Riker finds himself inexplicably bouncing back and forth between two realities – the one he is familiar with on the Enterprise, and one in which he is a mental patient on an alien world in which his life in Starfleet is a fantasy. The connection is made more confusing by the fact that on the Enterprise, Riker is acting in a play that is very similar to his mental patient reality. Eventually, Riker realizes that neither world is real, and that he is actually a prisoner on an alien world, and that his subconscious is fighting back against drugs that he has been given. Riker is able to escape and return back to the Enterprise.
Written by Brannon Braga. Directed by James L. Conway.
Regular commentator “xmenxpert” recently referred to Frame of Mind as the best Riker story ever. This is open to debate, since the guy was basically the main character of The Best of Both Worlds, but I understand his point. While it may or may not be the best episode ever that featured Riker, it’s easily the best showcase of Riker that we’ve ever had, or perhaps more accurately, the best showcase of Jonathan Frakes as an actor. Usually when you use a phrase like “tour de force performance” in association with Next Generation, you are almost certainly talking about Patrick Stewart in an episode like Family or Chain of Command part II. But here the term very appropriately lands on Frakes. The guy doesn’t just give a good performance – he is outstanding. He takes us through Riker’s increasing confusion into the depths of madness in a way that is believable and engaging and quite unsettling.
Of course, he is supported by some good and trippy direction, and a story that doesn’t spill all of its beans all at once. Sort of similar to the movie Coherence that I reviewed last time, the episode manages to continually give you enough hints to make you think you have a handle on what’s going on, before it suddenly engages in another twist that makes you realize you are still not on solid footing. The best example was when Administrator Suna suddenly shows up in the midst of Riker’s holographic therapy, making you think that he must be involved in some sort of conspiracy to drive Riker insane, and that the Dr. Syrus may either get killed for stumbling onto something he shouldn’t have, or even become Riker’s ally. It’s a well played moment that fits the eventual story reveal, but is played well to serve as a red herring.
All the supporting performances are fine but none really stand out, which is fine for an episode like this. Unlike a lot of Picard’s best episodes, which are often “duets”, Frame of Mind is really a solo act. Probably the most interesting part for any of the other characters is Beverly, who we get to see in her love of theatre and directing again. It’s always fun to see these personal sides to the characters.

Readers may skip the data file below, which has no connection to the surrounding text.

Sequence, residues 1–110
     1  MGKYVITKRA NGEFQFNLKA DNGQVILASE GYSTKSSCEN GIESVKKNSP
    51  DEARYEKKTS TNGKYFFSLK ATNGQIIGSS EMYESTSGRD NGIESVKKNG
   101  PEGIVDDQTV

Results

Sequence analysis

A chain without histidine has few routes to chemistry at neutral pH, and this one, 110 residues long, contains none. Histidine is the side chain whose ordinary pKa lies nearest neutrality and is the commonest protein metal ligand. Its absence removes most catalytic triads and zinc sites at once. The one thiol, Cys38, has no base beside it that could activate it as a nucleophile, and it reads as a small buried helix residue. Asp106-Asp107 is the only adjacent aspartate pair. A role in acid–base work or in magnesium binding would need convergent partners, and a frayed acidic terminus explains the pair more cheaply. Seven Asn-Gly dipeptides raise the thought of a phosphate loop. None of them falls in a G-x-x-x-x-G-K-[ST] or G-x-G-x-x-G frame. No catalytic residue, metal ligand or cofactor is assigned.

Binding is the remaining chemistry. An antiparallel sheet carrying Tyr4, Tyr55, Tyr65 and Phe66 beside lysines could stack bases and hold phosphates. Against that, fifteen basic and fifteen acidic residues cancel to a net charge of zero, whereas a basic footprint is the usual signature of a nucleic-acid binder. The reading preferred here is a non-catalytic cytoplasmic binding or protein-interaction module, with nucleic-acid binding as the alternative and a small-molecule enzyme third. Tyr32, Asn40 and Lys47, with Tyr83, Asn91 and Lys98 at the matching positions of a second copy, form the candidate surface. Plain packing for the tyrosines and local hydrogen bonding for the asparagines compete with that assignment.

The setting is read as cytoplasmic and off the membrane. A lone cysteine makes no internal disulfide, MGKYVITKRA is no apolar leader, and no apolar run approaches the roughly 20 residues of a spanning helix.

If there are any weak spots to the story, it’s just, that to my poorly discerning eyes anyway, Administrator Suna and Dr. Syrus look similar enough that I didn’t realize they were two different characters until the scene mentioned above where Suna shows up during the therapy. And also, “real Riker” at the end isn’t nearly as interesting as “crazy Riker” throughout the story, but I guess that’s to be expected. But aside from these little nit-picks, it’s really a strong piece of work.
• Andrew Prine plays Administrator Suna. I know him as Steven from the two original V miniseries, and also as James Keller from the original film of The Miracle Worker.
• Susanna Thompson, who plays Inmate Jaya, previously appeared as a Romulan on The Next Phase. She went on to play the Borg Queen on a number of episodes of Voyager and Moira Queen on Arrow.
Shout out to the Past
Nothing, except that we again see Riker acting, and Beverly’s interest in directing, and those nifty transporter pattern enhancers showing up again!
• The opening bit, where we go from an agitated and paranoid Riker to a smiling and laughing Riker, revealing he is just acting, is a great hook.
• Riker kisses Troi on the lips. I always found this relationship odd.
• The theatre on the Enterprise is really small, considering there are 1000 people on board
• Super creepy when the alien shows up in the audience, and then turns into the psychiatrist. Or at least that’s what I thought until I realized that the alien in the audience is someone different than the psychiatrist. But it’s still very creepy.
• Disturbing and sad when the female inmate starts speaking into the spoon
• And surprising again when Riker wakes up back on the Enterprise
• The play itself seems pretty good but it’s a bit that it ends with the character ranting “I’m not crazy! I’m not crazy!”
• Cute bit when Troi tells Riker that everyone understands the pressure he’s under, and then Data congratulations Riker on his portrayal of multi-infart dementia. “Well,” says Troi after Data has gone, “maybe not everyone understands.”
• We don’t see any scenes without Riker, including exteriors of the ship, during the hallucination / dream, but we do see lots of moments where people are looking at Riker and he doesn’t notice them at that moment. Not that it bothers me though.
• Worf, Troi and Picard are good picks for Riker’s holographic emotions. I like the fact that they are wearing three different coloured uniforms.
• In this episode, only Riker, Worf, Picard, Troi and Beverly are actually real, amongst the main characters.
Dialogue High Point
For how great an episode it is, there isn’t that much dialog that’s especially cool. But I did like Data’s line as Riker is trying to figure out to act this character:
Most humanoids have the potential to be irrational. Perhaps you should attempt to access that part of your psyche.